This page is dedicated to providing online resources related to
writing, debugging, and deploying programs written in the C++ programming language.
C++ is not the best tool for every job, but it is the best
tool for many jobs. In addition, the C++ language has
continued to grow in popularity among many segments of both academia and
industry. Hopefully, this site will be able to provide many insights
into the language that will help you become a better programmer in
general, and a much better C++ programmer, specifically.
The site was first published in December 2003, and is currently
maintained, as a hobby, by a single individual. Thus, updates will be
infrequent, especially at the beginning. Hopefully, as time goes by,
the content will expand in both breadth and depth, and in time will
become a great online resource for C++ programmers.
For now, however, all I can offer is some links to my favorite
places on the web. I am taking a couple weeks off at Christmas, and
I hope to get a fair amount of time to play around with the site at
that time. Until then, you should be able to occupy your curiosity
with the content at the links provided here.
| A Good Start
|| Links to some C/C++ sites |
- W. Richard Stevens' Home Page
- The homepage of the late master himself. Here you will find
links to all his books (APUE and UNP are must reads), along with
some other papers, information and source codes. Steven's books
and papers are invaluable if you do any network programming or
- Distributed Object Computing (DOC) Group
- The DOC Group is responsible for one of the very
best open source projects in existence. ACE is a collection
of C++ wrappers, and other handy classes for doing just about every
OS level operation available, and it is portable across just about
every platform in use today. After using if for many years, I do not
even consider writing network based code without using ACE.
TAO (The ACE ORB) is an implementation of CORBA, based on ACE.
- A great
development site, hosted by Harold Howe, which focuses on writing
libraries and applications with
(my current compiler of choice on MS-Windows).
- Doxygen is far
and away the best documentation tool I have ever used. It creates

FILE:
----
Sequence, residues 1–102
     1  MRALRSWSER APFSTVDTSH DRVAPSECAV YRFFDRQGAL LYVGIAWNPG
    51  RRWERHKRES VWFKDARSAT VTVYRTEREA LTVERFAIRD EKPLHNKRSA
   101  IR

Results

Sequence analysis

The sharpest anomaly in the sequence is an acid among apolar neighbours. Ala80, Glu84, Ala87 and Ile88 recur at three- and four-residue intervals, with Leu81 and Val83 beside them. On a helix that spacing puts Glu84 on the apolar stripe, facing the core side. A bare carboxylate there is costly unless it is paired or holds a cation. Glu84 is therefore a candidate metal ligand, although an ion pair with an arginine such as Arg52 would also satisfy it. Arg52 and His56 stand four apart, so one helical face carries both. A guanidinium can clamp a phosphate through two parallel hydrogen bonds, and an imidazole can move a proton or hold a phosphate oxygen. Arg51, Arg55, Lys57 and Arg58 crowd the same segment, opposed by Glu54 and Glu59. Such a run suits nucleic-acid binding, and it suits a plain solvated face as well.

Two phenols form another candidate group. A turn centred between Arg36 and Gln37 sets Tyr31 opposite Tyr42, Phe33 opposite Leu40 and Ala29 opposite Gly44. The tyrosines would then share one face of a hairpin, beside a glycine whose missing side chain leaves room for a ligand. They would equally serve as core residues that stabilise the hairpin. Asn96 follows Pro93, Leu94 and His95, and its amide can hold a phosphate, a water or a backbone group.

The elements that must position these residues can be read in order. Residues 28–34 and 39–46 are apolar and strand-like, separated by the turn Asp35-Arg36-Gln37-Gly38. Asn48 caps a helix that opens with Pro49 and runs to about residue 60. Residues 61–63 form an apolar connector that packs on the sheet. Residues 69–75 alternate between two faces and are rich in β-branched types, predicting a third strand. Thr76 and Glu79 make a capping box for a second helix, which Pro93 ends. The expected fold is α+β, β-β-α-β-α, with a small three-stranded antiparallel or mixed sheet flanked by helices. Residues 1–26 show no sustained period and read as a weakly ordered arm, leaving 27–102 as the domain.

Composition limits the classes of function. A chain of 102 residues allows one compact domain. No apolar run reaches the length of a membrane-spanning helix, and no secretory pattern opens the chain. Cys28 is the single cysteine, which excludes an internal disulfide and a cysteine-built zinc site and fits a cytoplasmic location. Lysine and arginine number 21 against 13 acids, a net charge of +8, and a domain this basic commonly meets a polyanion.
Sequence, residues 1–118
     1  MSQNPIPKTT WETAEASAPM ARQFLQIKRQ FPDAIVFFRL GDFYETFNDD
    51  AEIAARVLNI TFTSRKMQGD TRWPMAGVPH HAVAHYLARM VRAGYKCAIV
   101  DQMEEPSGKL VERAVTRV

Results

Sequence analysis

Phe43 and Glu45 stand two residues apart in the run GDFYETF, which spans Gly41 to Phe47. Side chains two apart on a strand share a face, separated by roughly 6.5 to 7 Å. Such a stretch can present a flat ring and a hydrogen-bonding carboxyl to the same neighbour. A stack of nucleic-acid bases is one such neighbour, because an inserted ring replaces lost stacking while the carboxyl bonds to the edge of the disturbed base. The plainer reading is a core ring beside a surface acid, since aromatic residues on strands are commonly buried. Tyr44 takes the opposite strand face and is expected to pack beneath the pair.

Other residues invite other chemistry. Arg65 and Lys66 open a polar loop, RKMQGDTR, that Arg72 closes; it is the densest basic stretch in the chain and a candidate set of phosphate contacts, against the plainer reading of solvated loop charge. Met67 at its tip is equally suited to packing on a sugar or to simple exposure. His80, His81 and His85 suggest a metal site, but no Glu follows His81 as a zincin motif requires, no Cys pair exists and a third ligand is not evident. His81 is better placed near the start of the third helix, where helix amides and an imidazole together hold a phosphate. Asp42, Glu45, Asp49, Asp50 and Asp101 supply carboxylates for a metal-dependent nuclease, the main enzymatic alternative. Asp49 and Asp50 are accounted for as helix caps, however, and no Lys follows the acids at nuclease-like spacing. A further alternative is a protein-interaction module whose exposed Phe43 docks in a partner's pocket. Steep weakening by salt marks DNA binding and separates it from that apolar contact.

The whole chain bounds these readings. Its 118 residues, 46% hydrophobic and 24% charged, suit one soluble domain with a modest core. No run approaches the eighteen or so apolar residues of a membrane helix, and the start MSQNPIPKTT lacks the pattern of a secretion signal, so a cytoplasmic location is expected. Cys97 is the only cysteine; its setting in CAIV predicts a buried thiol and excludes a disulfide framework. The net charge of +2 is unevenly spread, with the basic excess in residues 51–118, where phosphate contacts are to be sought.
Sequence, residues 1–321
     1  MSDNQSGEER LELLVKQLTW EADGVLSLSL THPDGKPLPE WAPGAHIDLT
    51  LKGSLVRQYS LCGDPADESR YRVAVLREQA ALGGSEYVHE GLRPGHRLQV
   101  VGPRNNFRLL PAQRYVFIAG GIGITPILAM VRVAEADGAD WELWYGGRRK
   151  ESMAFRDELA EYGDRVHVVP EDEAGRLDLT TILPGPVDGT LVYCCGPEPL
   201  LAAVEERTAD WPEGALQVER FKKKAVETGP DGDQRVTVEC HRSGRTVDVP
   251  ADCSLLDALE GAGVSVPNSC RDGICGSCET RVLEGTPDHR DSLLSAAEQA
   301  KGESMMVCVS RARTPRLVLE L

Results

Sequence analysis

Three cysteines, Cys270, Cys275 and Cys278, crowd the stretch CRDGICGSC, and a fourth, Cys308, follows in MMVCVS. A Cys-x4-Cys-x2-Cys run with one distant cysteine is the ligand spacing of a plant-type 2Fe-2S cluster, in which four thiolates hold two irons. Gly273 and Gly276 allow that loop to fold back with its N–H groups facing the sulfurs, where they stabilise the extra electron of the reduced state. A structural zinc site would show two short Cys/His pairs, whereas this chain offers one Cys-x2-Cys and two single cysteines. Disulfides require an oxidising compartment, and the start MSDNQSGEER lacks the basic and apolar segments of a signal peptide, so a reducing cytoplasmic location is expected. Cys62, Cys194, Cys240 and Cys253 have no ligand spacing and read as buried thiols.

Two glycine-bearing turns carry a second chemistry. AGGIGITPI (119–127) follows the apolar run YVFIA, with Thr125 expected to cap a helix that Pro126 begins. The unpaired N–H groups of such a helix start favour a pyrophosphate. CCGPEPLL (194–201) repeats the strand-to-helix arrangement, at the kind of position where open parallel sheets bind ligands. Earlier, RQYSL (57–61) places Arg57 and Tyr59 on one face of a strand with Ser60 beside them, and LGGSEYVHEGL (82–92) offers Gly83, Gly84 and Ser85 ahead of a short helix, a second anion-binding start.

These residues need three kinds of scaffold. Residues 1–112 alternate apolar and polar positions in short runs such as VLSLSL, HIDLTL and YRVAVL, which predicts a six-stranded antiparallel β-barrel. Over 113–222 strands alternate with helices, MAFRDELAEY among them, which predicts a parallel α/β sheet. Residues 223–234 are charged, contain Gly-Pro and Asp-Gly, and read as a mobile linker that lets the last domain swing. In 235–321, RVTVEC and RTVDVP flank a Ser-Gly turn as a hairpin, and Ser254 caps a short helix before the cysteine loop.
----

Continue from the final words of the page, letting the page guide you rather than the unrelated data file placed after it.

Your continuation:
documentation straight from your source code, and converts it into
HTML/TeX, or just about any other format you could want.
- Bjarne Stroustrup's homepage
The home page for the creator of C++.
| Behind the Curtain
|| Who am I? |
My name is Jody Hagins. I have spent the last 20 years or so
developing C/C++ code for various purposes.
I received a B.S. in both Mathematics and Computer Science
from The University of South Carolina
and a M.S. in Computer Science (Artificial Intelligence) from
After graduation from Vandy, I went to work for
Data General, where I worked in the
UNIX kernel development group: oh man, what a cool experience.
I then moved to Orlando, FL (my wife's home) and worked in the telecom
industry for the next six or seven years.
At the time, the company was named Siemens Stromberg-Carlson,
but the name has changed several times over the past five or six years,
and is currently Siemens ICN.
I also spent a year at a telecom startup, but hated everything about
the experience, and do not wish to remember more (plus, they have since
I moved back to South Carolina
because my mother's health was failing, and landed a peach of a job
at Automated Trading Desk, where I
am Vice President, Predictive Technologies.
Since being here, I have done everything imaginable
from building a distributed electronic trading infrastructure,
to price prediction engines, to automated trading models, and
everything in between. What a ride!
Obviously, I do not update this site very frequently. I had hoped to
do so, but life interfered. Anyway, I am no longer with ATD. I left
shortly afer a large company bought ATD, and my best official comment
is that I did not like the result.
As you will notice, I do not claim to have any expertise with
HTML or pretty web pages in general. Anything resembling good tase
is due to the format I copied from